As a love story, you will recognize all the elements: A meet-cute, some early bickering, forbidden love, the princess promised to another, and an epic battle with John teaching the green men how to get along with the red men, with or without Kevin Costner’s help. It should come as no surprise that John wins the princess’s hand and vanquishes an invading force by use of his massive fleet of flying ships (oh yeah, forgot to mention that he has captured a massive fleet of flying ships).
And it is here, at the end of the book, that John Carter of Mars takes a turn for the strange.
Yes, a Virginian grasshopper flitting around on an alien planet, dating red chicks and capturing giant airships is par for the course. But when it comes to the nail-biting cliffhanger endings, Edgar Rice Burroughs is off the reservation. Keep a weather eye about you, matey. There be spoilers ahead.
The last few pages of the book gloss over John’s remaining 10 years on Mars. He and Dejah are happy, of course, and I’m sure John does many marvelous things, like curing Barsoomian cancer and standardizing the planetary currency. But right at the end of the book, disaster strikes.
Apparently Mars has giant atmospheric pumping stations to purify the air, and these are hidden in the Martian wilderness and can only opened up by the Martian equivalent of a secret handshake (thought waves of color projected at the door, as if you didn’t already know). Unfortunately, the plant has failed, meaning the entire planet is suffocating to death. If this sounds like the ending to Stephen King’s Under the Dome, then maybe imitation really is the sincerest form of flattery.
John, of course, knows the secret handshake, having stumbled onto the plant during his wanderings in the Martian wilderness. As Martians are dropping dead all around him, he races aboard a speederbike to the plant’s back door, and with the help of some Ewoks, just manages to transmit the necessary thought waves that open the door before he collapses from asphyxia. He coughs instructions to a sentry for restarting the plant, but passes out as the sentry runs through the halls.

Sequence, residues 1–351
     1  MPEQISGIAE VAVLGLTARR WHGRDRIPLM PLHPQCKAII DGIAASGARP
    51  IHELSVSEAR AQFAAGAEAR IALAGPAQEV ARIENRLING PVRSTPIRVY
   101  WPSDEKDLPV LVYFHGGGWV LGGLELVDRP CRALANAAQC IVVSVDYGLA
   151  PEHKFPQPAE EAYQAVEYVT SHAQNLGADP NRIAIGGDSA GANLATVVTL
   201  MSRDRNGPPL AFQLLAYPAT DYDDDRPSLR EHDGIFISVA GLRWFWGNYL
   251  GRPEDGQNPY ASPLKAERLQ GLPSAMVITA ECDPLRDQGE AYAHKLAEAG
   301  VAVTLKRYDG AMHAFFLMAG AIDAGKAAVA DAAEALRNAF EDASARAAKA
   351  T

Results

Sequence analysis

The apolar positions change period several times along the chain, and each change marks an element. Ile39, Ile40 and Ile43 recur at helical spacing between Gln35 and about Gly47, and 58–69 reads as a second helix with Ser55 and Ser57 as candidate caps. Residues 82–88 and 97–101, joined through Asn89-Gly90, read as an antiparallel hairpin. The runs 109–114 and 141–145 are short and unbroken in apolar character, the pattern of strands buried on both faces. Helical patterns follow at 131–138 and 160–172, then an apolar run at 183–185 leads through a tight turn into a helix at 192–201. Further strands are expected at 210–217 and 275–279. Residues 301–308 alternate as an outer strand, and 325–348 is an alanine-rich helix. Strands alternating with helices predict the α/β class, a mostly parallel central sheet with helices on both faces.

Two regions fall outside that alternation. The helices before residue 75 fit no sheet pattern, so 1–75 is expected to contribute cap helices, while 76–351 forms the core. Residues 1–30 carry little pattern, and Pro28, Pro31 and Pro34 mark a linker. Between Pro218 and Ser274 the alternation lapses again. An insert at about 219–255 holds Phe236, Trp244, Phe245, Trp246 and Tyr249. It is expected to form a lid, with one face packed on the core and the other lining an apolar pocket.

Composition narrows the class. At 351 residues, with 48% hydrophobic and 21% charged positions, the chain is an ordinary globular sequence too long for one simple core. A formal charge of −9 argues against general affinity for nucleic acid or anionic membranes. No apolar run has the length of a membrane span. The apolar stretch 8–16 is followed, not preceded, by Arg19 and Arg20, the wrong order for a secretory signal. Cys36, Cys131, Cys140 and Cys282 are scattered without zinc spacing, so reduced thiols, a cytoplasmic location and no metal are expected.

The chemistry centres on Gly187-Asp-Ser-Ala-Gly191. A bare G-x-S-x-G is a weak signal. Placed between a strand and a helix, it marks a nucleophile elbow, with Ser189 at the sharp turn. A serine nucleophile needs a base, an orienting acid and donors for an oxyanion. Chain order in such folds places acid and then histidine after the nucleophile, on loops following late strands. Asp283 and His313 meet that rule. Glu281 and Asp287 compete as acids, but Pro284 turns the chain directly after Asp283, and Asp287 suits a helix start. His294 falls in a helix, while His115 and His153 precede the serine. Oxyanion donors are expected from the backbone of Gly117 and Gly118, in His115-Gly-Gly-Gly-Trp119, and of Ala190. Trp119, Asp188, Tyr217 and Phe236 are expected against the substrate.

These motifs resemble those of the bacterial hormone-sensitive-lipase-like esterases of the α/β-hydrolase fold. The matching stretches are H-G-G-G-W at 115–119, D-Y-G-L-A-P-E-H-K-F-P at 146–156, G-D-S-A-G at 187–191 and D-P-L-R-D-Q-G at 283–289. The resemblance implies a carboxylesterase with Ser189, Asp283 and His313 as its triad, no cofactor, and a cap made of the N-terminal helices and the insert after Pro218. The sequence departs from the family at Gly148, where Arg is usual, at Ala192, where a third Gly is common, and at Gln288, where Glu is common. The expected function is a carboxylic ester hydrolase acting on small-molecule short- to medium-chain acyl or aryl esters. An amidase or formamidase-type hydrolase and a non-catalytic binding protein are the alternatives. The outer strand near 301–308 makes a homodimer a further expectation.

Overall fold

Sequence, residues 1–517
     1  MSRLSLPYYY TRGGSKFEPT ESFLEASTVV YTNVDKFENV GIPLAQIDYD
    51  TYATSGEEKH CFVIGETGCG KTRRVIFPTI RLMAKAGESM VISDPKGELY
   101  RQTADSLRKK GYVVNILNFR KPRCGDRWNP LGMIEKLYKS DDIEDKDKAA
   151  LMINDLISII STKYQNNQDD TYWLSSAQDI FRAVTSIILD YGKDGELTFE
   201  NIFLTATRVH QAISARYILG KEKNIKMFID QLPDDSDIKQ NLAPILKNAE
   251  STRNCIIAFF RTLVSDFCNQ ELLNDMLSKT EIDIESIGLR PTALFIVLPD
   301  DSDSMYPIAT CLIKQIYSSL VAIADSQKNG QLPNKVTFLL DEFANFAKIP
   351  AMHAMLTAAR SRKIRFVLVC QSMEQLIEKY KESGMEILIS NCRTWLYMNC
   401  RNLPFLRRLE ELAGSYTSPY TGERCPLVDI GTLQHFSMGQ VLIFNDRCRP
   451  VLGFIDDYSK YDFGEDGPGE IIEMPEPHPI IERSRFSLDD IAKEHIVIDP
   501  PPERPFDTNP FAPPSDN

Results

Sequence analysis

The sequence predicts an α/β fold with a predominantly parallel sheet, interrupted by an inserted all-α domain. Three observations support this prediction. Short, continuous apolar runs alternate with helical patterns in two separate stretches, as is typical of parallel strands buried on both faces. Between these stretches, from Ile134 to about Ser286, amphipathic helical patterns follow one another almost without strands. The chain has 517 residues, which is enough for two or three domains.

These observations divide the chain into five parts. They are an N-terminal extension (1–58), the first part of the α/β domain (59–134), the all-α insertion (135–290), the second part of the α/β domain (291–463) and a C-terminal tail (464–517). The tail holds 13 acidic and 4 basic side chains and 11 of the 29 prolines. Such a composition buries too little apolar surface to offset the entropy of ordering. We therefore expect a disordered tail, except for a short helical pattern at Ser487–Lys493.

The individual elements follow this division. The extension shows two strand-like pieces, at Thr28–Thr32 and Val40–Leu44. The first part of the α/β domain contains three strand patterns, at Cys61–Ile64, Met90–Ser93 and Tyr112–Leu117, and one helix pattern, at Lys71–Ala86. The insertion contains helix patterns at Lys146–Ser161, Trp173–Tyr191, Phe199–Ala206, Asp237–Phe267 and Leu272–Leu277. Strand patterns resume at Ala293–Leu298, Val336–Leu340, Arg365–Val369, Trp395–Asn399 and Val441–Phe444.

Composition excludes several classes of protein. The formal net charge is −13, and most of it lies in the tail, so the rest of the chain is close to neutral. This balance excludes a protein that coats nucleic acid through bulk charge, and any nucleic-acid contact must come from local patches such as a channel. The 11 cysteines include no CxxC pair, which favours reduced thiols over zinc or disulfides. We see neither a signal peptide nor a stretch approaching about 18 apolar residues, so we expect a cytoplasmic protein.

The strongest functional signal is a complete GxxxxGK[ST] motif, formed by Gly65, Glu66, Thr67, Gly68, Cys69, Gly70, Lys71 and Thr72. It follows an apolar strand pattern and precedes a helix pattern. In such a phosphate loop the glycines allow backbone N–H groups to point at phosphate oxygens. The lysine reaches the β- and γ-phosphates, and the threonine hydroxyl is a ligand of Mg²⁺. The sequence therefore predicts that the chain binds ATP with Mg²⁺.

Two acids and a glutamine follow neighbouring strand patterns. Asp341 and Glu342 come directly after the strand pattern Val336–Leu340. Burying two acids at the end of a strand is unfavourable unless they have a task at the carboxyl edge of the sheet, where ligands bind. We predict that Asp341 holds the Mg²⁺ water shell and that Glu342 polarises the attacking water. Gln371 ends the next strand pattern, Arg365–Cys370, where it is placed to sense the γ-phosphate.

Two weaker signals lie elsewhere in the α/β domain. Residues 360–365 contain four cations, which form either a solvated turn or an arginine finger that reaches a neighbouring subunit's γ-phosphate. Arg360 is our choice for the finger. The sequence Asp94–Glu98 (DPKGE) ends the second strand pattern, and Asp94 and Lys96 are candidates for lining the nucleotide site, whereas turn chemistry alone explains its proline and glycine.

When John regains consciousness, he is back in the desert cave on Earth. Mars is a million miles away, and John is left to wonder if the planet (in other words, his girlfriend) has been saved or not.
Yes, that’s really the ending.
Edgar Rice Burroughs went on to “discover” many more of John Carter’s “real” adventures, and it resulted in an epic 11-volume collection, some of which are almost as famous as this first story. There have been many attempts to turn the story into a movie, but when only films that star Traci Lords actually cross the finish line, you’re not really looking at high art. It is said that the John Carter story was a heavy influence for Avatar, but that movie’s plot is so utterly and completely original that I find it hard to believe anyone could suggest this.
Hope remains on the horizon in the form of Andrew Stanton of Pixar (director of Finding Nemo and Wall-E). If Stanton’s reputation is any indication, his upcoming film will mark the first time John Carter has successfully transcended his pulp fiction and comic book roots, and also the first time anyone seriously considered Ellen Degeneres for the role of a sci-fi princess.
Next up on our list… #98.